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Analyzing Surface Editing and Manipulation Tools

When working with surfaces, it is often necessary to edit and manipulate quilts to achieve your desired design intent.
• Tools include:
– Extend
– Trim
– Copy and Paste
– Offset
– Mirror
– Merge

Analyzing Surface Editing and Manipulation 2
Figure 2 – Trimming a Quilt

Analyzing Surface Editing and Manipulation 1
Figure 1 – Extending a Surface to Plane using Geometry

Analyzing Surface Editing and Manipulation Tools 3

Figure 3 – Mirroring a Quilt
Analyzing Surface Editing and Manipulation Tools
When working with surfaces, it is often necessary to edit and manipulate quilts to achieve your desired design intent. You can use the following tools to edit and manipulate surfaces.
Surface editing and manipulation tools are covered in greater detail in PTC’s surfacing courses.
Extending Surfaces
You can extend a quilt using either of the following methods:
• Extend Original Surface
— Extends the surface boundary edge chain along the original surface. This option has three additional options that determine how the extension is created:
– Same — Creates the extension of the same type as the original surface (for example, plane, cylinder, cone, or spline surface). The original
surface is extended past its selected boundary edge chain, and does not create an additional surface patch. This is the default extend option.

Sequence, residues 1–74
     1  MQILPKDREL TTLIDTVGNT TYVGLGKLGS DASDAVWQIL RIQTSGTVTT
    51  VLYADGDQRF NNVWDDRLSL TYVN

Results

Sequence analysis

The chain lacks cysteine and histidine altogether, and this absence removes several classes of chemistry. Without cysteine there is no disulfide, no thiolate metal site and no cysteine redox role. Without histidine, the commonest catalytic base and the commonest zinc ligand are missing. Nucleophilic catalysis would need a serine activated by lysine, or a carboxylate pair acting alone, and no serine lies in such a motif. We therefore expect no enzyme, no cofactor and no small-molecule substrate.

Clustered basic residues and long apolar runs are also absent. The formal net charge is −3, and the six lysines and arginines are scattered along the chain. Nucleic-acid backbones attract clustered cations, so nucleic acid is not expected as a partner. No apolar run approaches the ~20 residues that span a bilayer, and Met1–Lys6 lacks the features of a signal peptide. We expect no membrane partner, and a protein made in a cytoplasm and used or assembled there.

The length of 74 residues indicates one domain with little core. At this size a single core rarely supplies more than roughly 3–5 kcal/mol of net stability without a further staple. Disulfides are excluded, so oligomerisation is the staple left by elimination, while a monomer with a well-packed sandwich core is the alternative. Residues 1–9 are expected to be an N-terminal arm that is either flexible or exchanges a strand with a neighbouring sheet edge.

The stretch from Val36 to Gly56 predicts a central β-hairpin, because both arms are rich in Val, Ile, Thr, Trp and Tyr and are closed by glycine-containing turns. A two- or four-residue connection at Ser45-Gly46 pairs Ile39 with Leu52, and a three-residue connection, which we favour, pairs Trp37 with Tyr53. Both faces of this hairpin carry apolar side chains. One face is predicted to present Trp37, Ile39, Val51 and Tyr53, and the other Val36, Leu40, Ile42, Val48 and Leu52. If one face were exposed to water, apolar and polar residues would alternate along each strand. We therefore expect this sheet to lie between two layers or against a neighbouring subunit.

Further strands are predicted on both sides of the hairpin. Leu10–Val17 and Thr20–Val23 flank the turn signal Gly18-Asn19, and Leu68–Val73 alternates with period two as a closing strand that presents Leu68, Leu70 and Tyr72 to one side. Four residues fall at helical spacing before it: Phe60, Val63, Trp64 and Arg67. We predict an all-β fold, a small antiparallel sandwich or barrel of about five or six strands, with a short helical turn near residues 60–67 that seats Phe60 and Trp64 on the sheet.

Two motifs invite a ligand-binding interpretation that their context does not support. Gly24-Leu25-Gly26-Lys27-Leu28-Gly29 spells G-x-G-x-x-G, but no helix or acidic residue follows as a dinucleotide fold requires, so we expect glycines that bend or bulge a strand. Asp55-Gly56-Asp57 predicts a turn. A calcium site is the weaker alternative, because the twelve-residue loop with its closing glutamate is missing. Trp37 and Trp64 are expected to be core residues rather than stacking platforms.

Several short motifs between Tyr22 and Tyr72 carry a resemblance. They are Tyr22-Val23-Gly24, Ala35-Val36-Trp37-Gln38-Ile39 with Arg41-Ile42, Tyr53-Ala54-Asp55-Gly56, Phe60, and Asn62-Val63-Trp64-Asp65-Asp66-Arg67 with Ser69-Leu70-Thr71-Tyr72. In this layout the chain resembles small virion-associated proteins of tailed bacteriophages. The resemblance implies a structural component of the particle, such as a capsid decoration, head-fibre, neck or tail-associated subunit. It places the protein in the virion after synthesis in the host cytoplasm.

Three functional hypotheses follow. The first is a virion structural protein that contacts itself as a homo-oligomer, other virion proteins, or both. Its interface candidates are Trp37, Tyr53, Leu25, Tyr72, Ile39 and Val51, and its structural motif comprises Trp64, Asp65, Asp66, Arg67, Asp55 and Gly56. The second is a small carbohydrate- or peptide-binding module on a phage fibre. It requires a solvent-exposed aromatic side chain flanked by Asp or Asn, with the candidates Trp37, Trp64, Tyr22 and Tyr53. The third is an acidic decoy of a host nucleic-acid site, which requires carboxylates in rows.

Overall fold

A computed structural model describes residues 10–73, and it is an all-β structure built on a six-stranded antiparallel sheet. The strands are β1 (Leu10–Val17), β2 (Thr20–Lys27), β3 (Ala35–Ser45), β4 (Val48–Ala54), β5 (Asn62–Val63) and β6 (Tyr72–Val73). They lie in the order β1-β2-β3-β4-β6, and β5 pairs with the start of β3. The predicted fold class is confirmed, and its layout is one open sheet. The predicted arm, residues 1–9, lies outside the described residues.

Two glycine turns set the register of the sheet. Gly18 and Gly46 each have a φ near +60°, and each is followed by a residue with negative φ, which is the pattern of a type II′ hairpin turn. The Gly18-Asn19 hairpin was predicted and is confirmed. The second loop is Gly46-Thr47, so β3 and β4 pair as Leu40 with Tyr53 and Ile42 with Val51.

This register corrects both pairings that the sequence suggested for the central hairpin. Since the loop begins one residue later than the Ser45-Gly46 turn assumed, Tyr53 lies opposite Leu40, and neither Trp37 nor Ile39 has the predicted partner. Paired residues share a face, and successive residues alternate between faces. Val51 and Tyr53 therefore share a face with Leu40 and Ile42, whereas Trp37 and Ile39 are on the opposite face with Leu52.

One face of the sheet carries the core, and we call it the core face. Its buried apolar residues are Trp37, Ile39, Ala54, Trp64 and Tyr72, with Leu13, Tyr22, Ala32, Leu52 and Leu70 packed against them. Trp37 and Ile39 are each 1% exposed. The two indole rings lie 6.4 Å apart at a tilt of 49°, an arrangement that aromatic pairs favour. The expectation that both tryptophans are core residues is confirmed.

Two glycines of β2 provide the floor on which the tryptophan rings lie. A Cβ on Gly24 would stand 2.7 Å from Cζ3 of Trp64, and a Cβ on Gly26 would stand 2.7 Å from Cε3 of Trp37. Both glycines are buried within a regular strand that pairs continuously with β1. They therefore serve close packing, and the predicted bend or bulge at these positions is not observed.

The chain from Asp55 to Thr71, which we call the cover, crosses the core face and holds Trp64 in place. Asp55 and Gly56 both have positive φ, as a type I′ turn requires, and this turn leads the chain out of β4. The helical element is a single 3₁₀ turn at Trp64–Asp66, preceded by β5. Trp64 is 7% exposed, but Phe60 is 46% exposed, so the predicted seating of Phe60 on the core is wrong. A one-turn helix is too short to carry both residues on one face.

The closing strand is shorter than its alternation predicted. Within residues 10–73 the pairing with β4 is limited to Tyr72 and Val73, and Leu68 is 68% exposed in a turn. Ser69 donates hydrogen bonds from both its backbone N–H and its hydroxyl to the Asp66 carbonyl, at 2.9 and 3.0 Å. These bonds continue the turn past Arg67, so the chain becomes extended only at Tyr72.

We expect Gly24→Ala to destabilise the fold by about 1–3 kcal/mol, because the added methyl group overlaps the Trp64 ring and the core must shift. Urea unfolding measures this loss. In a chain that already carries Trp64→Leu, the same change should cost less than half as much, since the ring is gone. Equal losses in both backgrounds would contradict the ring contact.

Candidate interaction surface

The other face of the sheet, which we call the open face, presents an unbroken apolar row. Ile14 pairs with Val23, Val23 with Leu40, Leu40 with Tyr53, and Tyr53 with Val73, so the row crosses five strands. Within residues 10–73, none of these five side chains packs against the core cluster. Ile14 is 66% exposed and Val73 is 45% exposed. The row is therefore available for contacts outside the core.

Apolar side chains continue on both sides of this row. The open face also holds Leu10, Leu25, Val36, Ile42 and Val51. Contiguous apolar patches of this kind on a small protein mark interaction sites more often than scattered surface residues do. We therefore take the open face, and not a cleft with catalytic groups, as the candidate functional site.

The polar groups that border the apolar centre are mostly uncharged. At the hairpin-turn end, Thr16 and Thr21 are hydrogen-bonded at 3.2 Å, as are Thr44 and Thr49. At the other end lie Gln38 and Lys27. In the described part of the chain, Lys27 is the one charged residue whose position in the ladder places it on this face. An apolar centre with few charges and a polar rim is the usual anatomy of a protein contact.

– Tangent — Creates the extension as a ruled surface that is tangent to the original surface. With this option an additional surface patch is created.
– Approximate — Creates the extension as a boundary blend between the boundary edges of the original surface and the edges of the extension.
This method is useful when extending the surface up to a vertex that does not lie along a straight edge. With this option an additional surface
patch is created.
• Extend Surface To Plane
— Extends the boundary edge chain up to a specified plane in the direction normal to this plane. With this option an
additional surface patch is created.
Trimming Surfaces
A surface trim is analogous to a solid cut, except that it trims away a portion of a surface. You can create a surface trim as an extrude, revolve, sweep, blend, and so on. You can also trim a selected surface quilt using other geometry such as planes, quilts, and curves or edges.
Once you have specified the surface to be trimmed and the entity to do the trimming, you must specify which side is to be kept. You can opt to keep one side, the other side, or both sides.
Copying and Pasting Surfaces
Copying and pasting surfaces enables you to create an overlay of a surface so that you can then perform manipulations to the copied surface. You can copy and paste any surface or surface set, either from a quilt or a solid. You can use either CTRL+C and CTRL+V or the Copy
and Paste icons from the Operations group in the ribbon. You should only use the Copy functionality in situations where you do not have proper references to create the parting surfaces. The copy functionality can result in a lot of surface features, especially when you are working with a complex design.
Offsetting Surfaces
You can create a surface quilt offset a distance value from another quilt or a solid surface. The offset surface remains dependent on the original surface.
When offsetting surfaces, you can specify the fit type as either Normal to Surface, Automatic Fit, or Controlled Fit.
Mirroring Surfaces
You can transform a surface quilt by mirroring it. To mirror a quilt, select the quilt and click Mirror
surface feature is created.
Merging Surfaces
, specifying a reference plane for the mirror. A new You can merge two or more intersecting or adjacent quilts to create surfaces
with 2-sided edges. Merging surfaces is covered more in depth in other topics.

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